Election forecasts

Eight months to go

We’ve reached another marker in the countdown to polling day, so it’s time for another prediction of the election result.

I’m still forecasting a hung parliament, though as usual I’ve revised my totals slightly, including (as has been the case every month since I began this blog) reducing the number of seats the Liberal Democrats will win:
Election result prediction, 7/9/2014I’m now suggesting Labour will win 308 seats, up 50 on the 2010 result (this total includes Corby, which Labour won from the Tories in the 2012 by-election). The Tories will win 275, down 31 (this total doesn’t include the Speaker, nor Corby). The Liberal Democrats will win 37, down 20. Others, including the Speaker and George Galloway, who I’ve assumed will hold his 2012 by-election gain in Bradford West, will total 30.

Others does not include any gains for Ukip. I will wait until they actually win the Clacton by-election before deciding whether they stand a chance of a) holding it at the general election and b) adding to it with gains elsewhere. For now, their total remains zero.

With each month that passes without the Tories narrowing the gap in the polls behind Labour, let alone overtaking them, so the chances of Labour winning most seats in the election grows. As such I’ve upped Labour’s total since last month, but only by three. My gut feeling remains that a Labour majority (326 seats or above) is too big a task.

As for the Lib Dems, with each month that passes without them managing to get back above 10% in the polls, so the number of seats they stand to lose increases. This month I’ve revised their losses up from 19 to 20, handing the Tories the seat of Berwick-upon-Tweed. Mind you, 20 is still far below the number mooted by the likes of electionforecast.co.uk.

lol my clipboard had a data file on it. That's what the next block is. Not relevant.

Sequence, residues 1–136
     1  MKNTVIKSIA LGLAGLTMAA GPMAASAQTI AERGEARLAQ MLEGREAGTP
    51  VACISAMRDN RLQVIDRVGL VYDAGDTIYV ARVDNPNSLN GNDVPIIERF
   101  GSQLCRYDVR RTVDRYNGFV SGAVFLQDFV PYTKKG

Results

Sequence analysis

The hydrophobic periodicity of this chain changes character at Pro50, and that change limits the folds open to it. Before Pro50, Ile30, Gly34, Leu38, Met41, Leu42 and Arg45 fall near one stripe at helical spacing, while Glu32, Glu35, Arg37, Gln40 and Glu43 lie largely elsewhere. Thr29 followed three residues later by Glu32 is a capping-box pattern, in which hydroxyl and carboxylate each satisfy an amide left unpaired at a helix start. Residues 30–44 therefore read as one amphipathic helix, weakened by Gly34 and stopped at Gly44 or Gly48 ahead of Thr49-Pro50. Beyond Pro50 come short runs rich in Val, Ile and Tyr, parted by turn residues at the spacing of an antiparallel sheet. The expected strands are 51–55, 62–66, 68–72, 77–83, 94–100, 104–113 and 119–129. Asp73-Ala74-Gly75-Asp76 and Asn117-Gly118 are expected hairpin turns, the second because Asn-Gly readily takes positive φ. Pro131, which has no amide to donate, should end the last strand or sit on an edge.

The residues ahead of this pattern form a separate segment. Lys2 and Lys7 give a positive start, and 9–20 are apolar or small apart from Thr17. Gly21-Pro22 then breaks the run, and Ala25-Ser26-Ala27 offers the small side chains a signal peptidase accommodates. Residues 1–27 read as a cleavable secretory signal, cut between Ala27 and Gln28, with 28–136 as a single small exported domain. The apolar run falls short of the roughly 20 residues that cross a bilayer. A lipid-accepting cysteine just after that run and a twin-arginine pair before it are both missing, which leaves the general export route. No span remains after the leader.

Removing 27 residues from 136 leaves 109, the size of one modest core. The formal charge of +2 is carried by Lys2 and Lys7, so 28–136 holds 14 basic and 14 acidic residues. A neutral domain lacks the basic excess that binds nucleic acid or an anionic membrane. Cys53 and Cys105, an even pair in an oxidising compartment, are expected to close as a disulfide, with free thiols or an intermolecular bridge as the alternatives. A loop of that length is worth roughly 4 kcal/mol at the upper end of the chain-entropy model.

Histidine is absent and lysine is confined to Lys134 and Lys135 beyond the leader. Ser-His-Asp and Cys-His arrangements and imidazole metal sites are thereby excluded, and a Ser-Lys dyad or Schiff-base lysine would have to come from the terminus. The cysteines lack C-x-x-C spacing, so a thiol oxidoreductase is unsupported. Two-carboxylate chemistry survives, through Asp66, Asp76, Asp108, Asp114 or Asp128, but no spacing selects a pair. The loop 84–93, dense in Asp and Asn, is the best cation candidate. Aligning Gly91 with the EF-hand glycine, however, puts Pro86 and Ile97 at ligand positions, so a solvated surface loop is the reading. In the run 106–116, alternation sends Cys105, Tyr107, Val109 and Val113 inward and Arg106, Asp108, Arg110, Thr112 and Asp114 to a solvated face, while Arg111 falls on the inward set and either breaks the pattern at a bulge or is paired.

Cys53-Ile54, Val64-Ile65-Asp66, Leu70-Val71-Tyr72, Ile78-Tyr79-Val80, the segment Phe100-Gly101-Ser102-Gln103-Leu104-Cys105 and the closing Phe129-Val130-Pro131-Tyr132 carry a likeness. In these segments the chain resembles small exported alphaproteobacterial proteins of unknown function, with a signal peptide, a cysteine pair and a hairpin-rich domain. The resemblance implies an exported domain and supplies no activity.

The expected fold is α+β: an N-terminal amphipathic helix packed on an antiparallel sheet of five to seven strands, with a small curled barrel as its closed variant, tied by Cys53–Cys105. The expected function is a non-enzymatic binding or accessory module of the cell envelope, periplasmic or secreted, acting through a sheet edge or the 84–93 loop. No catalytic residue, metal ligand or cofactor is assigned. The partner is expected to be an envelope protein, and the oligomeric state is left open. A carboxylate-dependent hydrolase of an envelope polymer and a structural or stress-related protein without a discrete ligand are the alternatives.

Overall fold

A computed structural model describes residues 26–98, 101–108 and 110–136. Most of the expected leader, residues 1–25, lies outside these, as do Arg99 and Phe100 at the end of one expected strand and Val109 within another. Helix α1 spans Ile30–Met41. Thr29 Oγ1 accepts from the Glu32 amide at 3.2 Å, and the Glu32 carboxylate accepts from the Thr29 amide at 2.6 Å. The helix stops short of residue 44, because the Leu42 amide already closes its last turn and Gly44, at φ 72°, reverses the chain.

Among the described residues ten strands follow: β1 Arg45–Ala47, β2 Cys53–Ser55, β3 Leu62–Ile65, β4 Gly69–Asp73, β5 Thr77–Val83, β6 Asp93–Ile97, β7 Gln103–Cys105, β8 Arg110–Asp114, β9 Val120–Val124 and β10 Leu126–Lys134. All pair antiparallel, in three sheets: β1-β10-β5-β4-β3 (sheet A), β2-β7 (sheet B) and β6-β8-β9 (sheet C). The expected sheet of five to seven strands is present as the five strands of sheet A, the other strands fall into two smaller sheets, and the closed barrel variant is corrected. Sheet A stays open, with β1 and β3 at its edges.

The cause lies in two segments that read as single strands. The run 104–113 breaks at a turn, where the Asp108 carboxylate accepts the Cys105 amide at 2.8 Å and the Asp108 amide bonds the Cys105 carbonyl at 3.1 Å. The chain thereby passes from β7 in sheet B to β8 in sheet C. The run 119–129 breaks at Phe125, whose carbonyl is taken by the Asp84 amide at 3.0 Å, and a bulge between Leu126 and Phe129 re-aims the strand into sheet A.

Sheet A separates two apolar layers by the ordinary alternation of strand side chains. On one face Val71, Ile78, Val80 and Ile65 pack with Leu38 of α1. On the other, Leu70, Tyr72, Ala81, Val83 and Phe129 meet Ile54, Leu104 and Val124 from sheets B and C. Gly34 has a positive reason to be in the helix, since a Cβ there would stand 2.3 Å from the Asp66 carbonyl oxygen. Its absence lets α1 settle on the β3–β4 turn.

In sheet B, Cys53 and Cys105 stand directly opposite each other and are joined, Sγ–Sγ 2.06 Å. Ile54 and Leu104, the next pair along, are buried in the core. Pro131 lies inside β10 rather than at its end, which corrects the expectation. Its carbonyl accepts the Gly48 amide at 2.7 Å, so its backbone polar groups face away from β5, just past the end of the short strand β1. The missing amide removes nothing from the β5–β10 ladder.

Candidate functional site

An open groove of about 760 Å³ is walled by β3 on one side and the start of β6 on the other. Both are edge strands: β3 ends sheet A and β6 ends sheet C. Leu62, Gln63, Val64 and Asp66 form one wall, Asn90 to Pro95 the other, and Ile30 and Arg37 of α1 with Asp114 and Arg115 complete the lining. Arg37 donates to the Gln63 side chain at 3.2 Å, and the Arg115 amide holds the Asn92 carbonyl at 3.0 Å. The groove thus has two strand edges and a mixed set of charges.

Based on my prediction, a Labour-Lib Dem coalition would total 335, nine above the number needed for an absolute majority in parliament. A Tory-Lib Dem coalition would total 312: 14 below the magic figure of 326.

Here’s how I calculated the forecast:

Labour’s 50 gains

From the Lib Dems: Norwich South, Bradford East, Brent Central, Burnley, Manchester Withington, Dunbartonshire East, Birmingham Yardley, Edinburgh West, Hornsey & Wood Green, Cardiff Central and Redcar (total = 11).

From the Tories: Warwickshire North, Hendon, Cardiff North, Sherwood, Stockton South, Lancaster & Fleetwood, Broxtowe, Amber Valley, Wolverhampton South West, Waveney, Carlisle, Morecambe & Lunesdale, Weaver Vale, Lincoln, Plymouth Sutton & Devonport, Stroud, Brighton Kemptown, Bedford, Dewsbury, Warrington South, Pudsey, Enfield North, Hove, Northampton North, Brentford & Isleworth, Hastings & Rye, Halesowen & Rowley Regis, Nuneaton, Ipswich, Blackpool North & Cleveleys, Bury North, Gloucester, Wirral West, Croydon Central, Harrow East, Ealing Central & Acton, Norwich North, Ilford North and Finchley & Golders Green (total = 39).

The Tories’ nine gains

From the Lib Dems: Solihull, Dorset Mid & Poole North, Wells, St Austell & Newquay, St Ives, Somerton & Frome, Chippenham, Berwick-upon-Tweed and Cornwall North.


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